The Yawhg is coming. In six weeks, it'll be here, and nothing will ever be the same. But you don't know that, because in Damian Sommers and Emily Carroll's gorgeous indie choose-your-own-adventure style game, you're just a typical soul living out your life on a week by week basis. The things you do with your time now just feel like the same ol' same ol' to you, but when the Yawhg arrives, the choices you have made will determine what happens to not only you but the town itself. Will you dedicate yourself to the arcane arts in the alchemist's tower, even knowing the potential for disaster magic can bring? Will you choose to try to bring law to the troubled slums, unaware of the inhuman darkness that will watch from the shadows? Maybe you'll spend some time attending royal balls, or tending to the sick at the hospital... though if you've come down with a certain affliction yourself, that might not be the best idea. Every action has consequences, and every action determines how ready you'll be when it arrives.
At the start of the game, you can select anywhere from one up to all four of the available characters to play with. Don't worry, all of them can be and do anything, so you aren't limited in any way. The game is turn-based, and each week you'll be asked to select what your characters do and where they go within the city. Once all characters have done something, the turn ends and a new week begins, six in all, until the Yawhg arrives. Each character begins with the same value in all six available statistics, ranging from physical strength to simple wealth, and performing actions in different locations causes these to raise. Fighting in the stadium, for instance, might give you a boost to your strength, while choosing to attend a royal ball at court could increase your charm. Simple, right?
Except each action will usually have a random event attributed to it that comes with a decision. When the patient covered in mysterious sores comes into the hospital one day, do you risk infection? How do you deal with the zombified critter your colleague at the alchemist's tower has just created? While these decisions will also influence your abilities for better or worse, how well you do at your chosen option will usually depend on whether certain statistics are high enough. If your charm is low, you might want to think twice about trying to persuade someone, or if you're not strong enough, running away might be a better choice than getting in a fight. These seemingly inconsequential encounters can lead to big repercussions or rewards later on, and you won't know which until you take a chance. Just remember to apply characters to certain professions and statistics whenever possible to make sure they're ready for the Yawhg... well... as ready as anyone ever can be when they don't know something is coming...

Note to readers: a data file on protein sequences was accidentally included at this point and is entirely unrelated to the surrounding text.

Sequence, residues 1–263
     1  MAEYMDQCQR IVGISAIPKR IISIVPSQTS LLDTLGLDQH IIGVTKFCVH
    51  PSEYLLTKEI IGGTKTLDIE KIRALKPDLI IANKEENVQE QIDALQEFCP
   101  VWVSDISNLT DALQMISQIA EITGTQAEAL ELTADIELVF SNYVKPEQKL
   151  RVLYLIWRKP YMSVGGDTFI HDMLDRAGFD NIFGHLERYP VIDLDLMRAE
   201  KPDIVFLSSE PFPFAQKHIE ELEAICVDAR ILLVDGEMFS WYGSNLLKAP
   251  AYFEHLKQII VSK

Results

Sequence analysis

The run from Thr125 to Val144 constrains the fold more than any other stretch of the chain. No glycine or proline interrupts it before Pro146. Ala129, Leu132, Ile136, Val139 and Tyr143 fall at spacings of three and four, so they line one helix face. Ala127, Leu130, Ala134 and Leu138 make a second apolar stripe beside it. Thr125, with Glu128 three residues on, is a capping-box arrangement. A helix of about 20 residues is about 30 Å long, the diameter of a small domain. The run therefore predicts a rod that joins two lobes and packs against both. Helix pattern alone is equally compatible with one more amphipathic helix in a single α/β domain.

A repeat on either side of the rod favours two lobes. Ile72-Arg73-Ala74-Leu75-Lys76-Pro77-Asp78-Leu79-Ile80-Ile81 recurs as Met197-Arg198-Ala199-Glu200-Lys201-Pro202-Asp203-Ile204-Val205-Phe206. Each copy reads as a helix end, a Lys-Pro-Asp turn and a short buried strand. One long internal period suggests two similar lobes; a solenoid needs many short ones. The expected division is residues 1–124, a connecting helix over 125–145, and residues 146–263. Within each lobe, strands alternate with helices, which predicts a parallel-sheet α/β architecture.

Analysis: For a lot of players, even fans of visual-novel style adventures, the hardest thing to take about The Yawhg might be the randomisation. While certain events only happen at certain locations, there's no real way to tell when and in what order even if you know they're there, so it's hard to really be prepared. On the other hand, that's also sort of the whole point of the game. Like the ambiguous menace roiling towards the town, the people you're playing as have no idea what to expect out of their daily lives. They don't know what's going to happen. They're just living as they always have, and sometimes life is unexpected in ways both good and bad. While the game does provide narration as you go, what it doesn't offer is characterization towards the people you play as at all, forcing you to construct their stories in your own mind. Those proper looking women could just as easily be warriors or thieves as the burly fellow could be a doctor or a courtly gentleman. One of my personal favourite aspects of the game was the way choices felt like they actually had merit and consequences beyond improving your stats because they would pop up again at some point in the rest of the game to show you the results of your decision. The Yawhg feels like it's about crafting lives, and even if the bulk of the story is left up to your imagination, it still succeeds wonderfully.
A large part of the appeal is the gorgeous artwork by Emily Carroll, whose designs breathe personality and a haunting storybook flair into the world. (And if you haven't read her chilling comic His Face All Red, you're seriously missing out.) Add to that a haunting and increasingly tension-filled soundtrack by Ryan Roth and Halina Heron, and you might just have one of the most exquisitely designed story-centric games out there. By suggesting more than it does outright stating anything and never painting you into a corner with its story, The Yawhg creates a world that feels drawn by your choices and ideas, in a world that feels rich with unspoken mythology and danger. Though a playthrough won't last very long, there are over fifty endings to discover, and the game's snappy pace makes it easy to want to jump right back into a new game as soon as you finish one. Rich in player-made stories and surreal, imaginative fairy-tale like atmosphere, The Yawhg is a simple to play yet compelling game that provides a unique and engaging experience.
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